"The next year, 72, we won with the smallest score to date. We won again in '75. Between '71 and '77 we were never more than 1.5 point out of first."
"We raced in '83 and won it with a new set of sails. Then my son went to college and I kind of stopped. We raced again in '89 and it was a disaster. We averaged five minutes ahead of the second boat. It really wasn't much fun at all!"
"Sailing fast is a lot of little things. For example, the prop aperture on the west coast boats is larger on the bottom than it needs to be. So I filled in the excess area to get it to the minimum. Now you can't tell for sure whether a small thing like that really makes the boat faster. Maybe it makes it slower. But you have to try to do everything you can to make the boat faster."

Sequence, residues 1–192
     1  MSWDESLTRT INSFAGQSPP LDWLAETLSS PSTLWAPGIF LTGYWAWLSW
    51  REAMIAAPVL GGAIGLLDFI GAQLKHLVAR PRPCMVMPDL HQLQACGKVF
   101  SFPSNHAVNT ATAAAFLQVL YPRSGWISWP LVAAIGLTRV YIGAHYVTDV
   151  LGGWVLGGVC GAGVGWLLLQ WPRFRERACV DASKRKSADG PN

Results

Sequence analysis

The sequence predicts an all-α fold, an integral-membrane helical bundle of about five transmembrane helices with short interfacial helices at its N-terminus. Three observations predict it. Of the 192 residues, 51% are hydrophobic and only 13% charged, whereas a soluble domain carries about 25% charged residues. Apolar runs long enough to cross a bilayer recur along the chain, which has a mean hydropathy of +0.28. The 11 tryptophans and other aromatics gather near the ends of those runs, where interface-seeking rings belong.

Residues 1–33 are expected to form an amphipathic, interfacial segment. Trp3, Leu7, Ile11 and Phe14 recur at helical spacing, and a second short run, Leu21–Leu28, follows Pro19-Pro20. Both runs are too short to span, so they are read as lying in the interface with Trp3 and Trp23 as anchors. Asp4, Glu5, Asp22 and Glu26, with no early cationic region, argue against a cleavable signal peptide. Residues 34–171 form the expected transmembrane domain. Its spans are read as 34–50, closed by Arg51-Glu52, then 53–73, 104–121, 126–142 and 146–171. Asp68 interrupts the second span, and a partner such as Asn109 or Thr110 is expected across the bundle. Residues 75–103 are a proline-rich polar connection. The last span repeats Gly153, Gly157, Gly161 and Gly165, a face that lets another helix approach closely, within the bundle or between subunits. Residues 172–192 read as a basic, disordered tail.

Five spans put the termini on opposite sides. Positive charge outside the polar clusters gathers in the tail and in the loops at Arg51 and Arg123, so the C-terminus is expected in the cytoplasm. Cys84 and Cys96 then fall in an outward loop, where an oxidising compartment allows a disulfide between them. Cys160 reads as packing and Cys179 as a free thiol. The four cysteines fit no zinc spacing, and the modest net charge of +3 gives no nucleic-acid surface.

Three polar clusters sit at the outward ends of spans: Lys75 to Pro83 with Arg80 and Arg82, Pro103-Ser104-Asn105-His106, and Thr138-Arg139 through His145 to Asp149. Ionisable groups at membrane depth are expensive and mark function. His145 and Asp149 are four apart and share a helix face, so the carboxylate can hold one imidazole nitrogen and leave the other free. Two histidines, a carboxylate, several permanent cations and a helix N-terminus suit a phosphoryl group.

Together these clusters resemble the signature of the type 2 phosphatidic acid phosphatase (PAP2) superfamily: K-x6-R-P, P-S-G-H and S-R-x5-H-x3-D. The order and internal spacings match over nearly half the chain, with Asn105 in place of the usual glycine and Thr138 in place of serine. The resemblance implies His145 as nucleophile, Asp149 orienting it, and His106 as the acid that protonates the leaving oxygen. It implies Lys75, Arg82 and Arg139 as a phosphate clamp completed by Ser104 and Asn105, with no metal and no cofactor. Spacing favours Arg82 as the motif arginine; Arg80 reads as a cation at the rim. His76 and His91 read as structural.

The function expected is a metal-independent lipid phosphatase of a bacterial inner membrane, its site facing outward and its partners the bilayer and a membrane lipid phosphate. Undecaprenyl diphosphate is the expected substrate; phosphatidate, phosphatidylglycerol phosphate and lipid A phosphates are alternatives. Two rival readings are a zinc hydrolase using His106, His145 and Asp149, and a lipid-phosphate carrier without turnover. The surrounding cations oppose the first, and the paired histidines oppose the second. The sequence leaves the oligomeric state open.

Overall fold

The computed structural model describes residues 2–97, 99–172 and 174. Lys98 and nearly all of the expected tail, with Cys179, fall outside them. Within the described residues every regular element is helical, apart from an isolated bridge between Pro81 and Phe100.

"Sails are so important. The sails I used at the Plastic Classic were the most perfect setting sails I think I ever had on this boat. These were the sails I bought in '83 and used again in '89. They've been in storage since then. I worked on those sails to try to get the folds out. I raised the jib at the dock and tried spraying it with water to get out the folds. I laid out the main in my living room. I even tried folding the folds the opposite way to get them out. Fortunately, going down to the South Bay there was a really strong breeze off the Olympic Circle and that ironed 'em out perfectly. Like I said, that day they were the best setting sails I've ever seen. Now I've got my old working jib on, from the '70s, and when I look at it I can't see how it can sail to weather at all!
"My racing sails are back in storage, in the basement where it's cool. I'm experimenting with storing them on edge rather than leaving them flat. I suppose I should roll them around large tubes, but…"